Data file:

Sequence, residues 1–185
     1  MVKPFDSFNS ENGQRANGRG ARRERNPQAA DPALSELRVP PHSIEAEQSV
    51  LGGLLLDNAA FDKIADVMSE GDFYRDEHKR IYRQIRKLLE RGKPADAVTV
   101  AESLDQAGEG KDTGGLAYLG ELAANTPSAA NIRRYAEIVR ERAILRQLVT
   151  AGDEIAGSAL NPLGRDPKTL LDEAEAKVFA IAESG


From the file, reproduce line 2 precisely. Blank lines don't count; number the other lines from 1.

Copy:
     1  MVKPFDSFNS ENGQRANGRG ARRERNPQAA DPALSELRVP PHSIEAEQSV